New Delhi: India’s external debt rose 23% in the most recent fiscal year, largely because of a sharp rise in overseas borrowing by Indian companies, the government said on .
The dollar’s slide against major currencies also contributed to the increase, the federal finance ministry said in a report.
Outstanding foreign loans totalled $155 billion on 31 March 2007, compared to $126.5 billion a year ago, the ministry said. India’s fiscal year runs from April through March.
Finance Minister P. Chidambaram said despite the increase the ratio of foreign debt to national income in India was one of the lowest among major economies of the world.
The ratio of interest charges and loan repayments to export earnings _ a measure of a country’s ability to service debt _ showed “a perceptible improvement,” declining to 4.8% last year from 9.9% a year ago, the ministry said in its report.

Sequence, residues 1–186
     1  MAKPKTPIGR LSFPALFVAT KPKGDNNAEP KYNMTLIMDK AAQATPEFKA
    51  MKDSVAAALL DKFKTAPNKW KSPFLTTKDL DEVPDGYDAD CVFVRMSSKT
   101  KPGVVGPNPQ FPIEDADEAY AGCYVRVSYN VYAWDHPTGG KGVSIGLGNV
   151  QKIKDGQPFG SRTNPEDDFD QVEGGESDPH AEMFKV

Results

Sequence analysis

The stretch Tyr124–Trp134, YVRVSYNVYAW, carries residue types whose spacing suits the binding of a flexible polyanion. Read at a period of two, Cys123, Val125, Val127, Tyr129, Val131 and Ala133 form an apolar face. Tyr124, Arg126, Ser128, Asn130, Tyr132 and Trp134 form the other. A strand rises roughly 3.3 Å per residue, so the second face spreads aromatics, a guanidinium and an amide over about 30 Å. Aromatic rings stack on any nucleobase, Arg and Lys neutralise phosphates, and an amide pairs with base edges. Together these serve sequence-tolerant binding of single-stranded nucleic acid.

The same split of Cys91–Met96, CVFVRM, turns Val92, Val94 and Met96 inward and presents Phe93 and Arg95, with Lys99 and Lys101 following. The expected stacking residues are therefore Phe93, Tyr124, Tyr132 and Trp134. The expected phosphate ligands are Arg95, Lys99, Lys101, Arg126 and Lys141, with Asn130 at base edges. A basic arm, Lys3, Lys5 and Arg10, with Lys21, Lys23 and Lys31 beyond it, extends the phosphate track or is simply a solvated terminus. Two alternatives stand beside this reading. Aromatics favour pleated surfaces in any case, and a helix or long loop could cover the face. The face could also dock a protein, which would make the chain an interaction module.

More importantly, short term borrowing grew at a slower pace, up 12% from a year ago, and accounting for just 7.7% of total debt.
A low share of short term debt means the country is less vulnerable to flight of capital.
Also, India’s current foreign exchange reserves are about one and half times its total external debt.
The finance ministry report said more than half of the increase in India’s foreign debt came from borrowing by companies, which look to overseas sources for lower interest rates. Indian companies have also been tapping overseas sources to fund their foreign acquisitions.
The ministry’s report said the dollar’s slide also contributed to the increase, as it made loans from non-US sources more expensive. Over the past year, the dollar has weakened against all major currencies, including the rupee.
In rupee terms, India’s total external debt rose 19.7% through last fiscal to 5.645 trillion rupees, the ministry said.